The DT 1990 Pro from Beyerdynamic is up there with the HD 800 S mentioned next in terms of build quality, response, and comfort, but come at a more moderate price. They come with a single sided, detachable cable with mini-XLR connectors. Like many of the others on this list, the ear pads are replaceable. This pair comes with two sets of ear pads, with differing sound characteristics.

Bass response is very flat with a slight increase in high-bass/low-mids. Mid-range is also mostly flat, with a slight dip at around 1 kHz. Treble is flat up to roughly 5 kHz. Higher than that, there are two pronounced peaks at 7 kHz and 9 kHz and an overall bump between 6 kHz – 10 kHz. This can make instruments or vocals in this range sound overly bright. Stereo imaging and soundstage on these headphones is very good due to their open-back design. These, like the HD 800 S, also posses very little harmonic distortion.

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Sennheiser HD 800 S ($$$$$)

Sennheiser HD 800 S

sennheiser HD 800 s

 

Features

♦  56 mm drivers
♦  Neodymium magnets
♦  Aluminum voice coil
♦  2x 9.8 ft long straight cables, detachable
♦  1/4″ gold-plated TRS connector and a balanced XLR-4 connector
♦  15 Hz – 51 kHz frequency response
♦  Not foldable
♦  Open-back design
♦  300 Ω – Amplifier required
♦  2-year warranty

This pair of Sennies may possibly be best headphones for music production on this list in terms of build quality, response, and comfort, but it comes at a very steep price and will require an amp. These are only feasibly suitable for very high-end studios and audio applications. They come with a detachable OFC cable that is designed to have very low handling noise, eliminating  inaccuracies. They also come with a 2-year warranty.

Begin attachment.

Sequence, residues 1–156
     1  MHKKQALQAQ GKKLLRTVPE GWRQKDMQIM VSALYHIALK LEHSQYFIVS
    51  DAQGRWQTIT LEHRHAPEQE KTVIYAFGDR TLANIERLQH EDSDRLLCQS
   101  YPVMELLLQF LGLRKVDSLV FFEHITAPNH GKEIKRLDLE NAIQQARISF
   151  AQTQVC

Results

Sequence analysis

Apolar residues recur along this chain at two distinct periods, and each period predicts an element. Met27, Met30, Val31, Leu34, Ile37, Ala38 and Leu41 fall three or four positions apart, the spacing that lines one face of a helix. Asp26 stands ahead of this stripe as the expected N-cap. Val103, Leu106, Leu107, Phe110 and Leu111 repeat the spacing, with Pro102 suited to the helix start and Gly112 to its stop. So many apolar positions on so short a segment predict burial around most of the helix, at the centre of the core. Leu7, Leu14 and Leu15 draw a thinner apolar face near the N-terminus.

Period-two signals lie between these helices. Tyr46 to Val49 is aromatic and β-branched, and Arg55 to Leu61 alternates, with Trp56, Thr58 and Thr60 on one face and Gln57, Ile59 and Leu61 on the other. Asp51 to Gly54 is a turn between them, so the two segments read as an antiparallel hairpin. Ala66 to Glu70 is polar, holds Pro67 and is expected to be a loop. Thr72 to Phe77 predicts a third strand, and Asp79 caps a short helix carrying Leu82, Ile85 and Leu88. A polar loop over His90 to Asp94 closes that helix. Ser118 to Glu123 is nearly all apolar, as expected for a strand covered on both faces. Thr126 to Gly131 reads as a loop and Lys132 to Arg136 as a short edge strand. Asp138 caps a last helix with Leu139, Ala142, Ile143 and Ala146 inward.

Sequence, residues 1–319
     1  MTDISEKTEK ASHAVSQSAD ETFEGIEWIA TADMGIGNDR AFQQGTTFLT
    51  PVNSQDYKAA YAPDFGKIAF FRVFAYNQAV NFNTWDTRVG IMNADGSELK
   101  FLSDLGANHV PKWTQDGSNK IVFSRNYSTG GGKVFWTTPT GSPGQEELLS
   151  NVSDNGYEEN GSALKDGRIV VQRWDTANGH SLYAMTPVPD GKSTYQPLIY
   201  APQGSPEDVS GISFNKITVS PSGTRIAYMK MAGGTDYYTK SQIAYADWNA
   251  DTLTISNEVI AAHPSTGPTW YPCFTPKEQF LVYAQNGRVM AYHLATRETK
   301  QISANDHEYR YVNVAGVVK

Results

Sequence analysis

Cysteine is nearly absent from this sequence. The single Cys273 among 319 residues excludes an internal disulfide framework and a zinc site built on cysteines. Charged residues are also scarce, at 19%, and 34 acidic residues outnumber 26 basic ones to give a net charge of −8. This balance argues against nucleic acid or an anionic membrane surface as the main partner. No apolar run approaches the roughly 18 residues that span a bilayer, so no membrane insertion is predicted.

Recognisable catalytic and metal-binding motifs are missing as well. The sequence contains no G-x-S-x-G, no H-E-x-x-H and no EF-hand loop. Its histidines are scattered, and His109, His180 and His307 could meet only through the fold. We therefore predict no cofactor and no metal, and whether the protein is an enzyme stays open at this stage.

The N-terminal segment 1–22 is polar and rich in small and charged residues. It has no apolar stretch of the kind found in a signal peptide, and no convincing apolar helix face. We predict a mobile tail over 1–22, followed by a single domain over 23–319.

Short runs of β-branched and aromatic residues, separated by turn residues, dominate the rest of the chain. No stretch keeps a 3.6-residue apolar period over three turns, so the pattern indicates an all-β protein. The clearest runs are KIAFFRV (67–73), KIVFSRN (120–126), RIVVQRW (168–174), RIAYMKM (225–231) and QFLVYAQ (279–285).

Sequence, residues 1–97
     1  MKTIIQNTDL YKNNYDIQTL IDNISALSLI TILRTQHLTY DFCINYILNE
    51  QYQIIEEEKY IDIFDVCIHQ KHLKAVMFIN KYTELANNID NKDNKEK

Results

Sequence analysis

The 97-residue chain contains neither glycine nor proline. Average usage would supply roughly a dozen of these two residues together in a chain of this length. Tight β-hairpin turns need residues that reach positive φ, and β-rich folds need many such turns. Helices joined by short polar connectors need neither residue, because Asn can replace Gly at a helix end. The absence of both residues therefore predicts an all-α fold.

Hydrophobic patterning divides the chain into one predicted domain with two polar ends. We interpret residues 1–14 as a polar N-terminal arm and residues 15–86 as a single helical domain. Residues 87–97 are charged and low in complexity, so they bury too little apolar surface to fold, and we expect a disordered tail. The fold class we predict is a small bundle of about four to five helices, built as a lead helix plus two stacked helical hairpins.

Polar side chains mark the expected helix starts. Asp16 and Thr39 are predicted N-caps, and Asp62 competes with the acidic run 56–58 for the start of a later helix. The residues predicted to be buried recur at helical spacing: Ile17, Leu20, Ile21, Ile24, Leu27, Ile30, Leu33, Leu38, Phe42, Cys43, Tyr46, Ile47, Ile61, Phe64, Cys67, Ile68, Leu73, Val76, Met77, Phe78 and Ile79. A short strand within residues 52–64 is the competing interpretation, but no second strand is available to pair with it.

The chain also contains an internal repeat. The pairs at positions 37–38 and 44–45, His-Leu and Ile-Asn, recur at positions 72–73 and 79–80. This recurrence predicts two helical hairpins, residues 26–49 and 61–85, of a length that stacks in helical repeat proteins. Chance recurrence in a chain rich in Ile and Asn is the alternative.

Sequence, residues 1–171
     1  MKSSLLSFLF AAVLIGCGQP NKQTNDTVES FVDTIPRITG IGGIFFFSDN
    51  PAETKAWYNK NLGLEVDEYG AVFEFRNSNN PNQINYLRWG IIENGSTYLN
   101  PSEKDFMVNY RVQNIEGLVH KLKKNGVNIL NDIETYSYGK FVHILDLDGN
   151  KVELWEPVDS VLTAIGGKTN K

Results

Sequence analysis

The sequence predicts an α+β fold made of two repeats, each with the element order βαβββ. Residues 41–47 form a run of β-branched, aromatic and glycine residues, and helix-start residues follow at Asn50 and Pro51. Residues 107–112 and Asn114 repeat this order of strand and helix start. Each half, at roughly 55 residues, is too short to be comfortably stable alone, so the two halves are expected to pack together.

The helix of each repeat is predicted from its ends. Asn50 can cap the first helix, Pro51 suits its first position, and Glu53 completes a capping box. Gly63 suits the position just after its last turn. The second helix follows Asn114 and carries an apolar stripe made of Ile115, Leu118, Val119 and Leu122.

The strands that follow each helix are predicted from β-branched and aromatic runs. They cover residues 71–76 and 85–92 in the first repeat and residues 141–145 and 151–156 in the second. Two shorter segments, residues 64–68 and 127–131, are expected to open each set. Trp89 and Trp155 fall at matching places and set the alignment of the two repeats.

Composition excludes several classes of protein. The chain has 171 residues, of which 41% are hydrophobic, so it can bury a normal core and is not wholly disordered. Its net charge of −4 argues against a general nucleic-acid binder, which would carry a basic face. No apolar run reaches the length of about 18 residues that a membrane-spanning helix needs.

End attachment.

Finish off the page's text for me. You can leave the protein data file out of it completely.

Bass response is very good overall, but low-bass is lacking slightly which may be noticeable in tracks with prominent bass presence. Mid response is almost perfectly flat. Treble is mostly flat and overall capable of great audio reproduction. Stereo imaging and soundstage on these headphones is also phenomenal, and they have very little harmonic distortion.

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Concluding Remarks

Ultimately, your decision here will mostly be based on price and application. Cost-wise, it’s what level of quality you’re willing to pay for. As we’ve seen, there is a wide range of capabilities across the board on our list of best headphones for music production. Application-wise, the main decision will be between open-back and closed-back headphones:

  • Open-back for those of you in a VERY quiet environment such as an acoustically treated studio – remember, noise can pass freely through the headphone frames. These are not suitable for recording, since the mic will pick up feedback from the headphones.
  • Closed-back for general studio use and those of us without acoustic treatment who are in noisier environments. These are better for vocalists to wear when recording because they create an acoustic barrier between the drivers and the mic.

That wraps it up for this review. Thank you for reading, and I hope this list helps you make a great choice for your music production headphone purchase!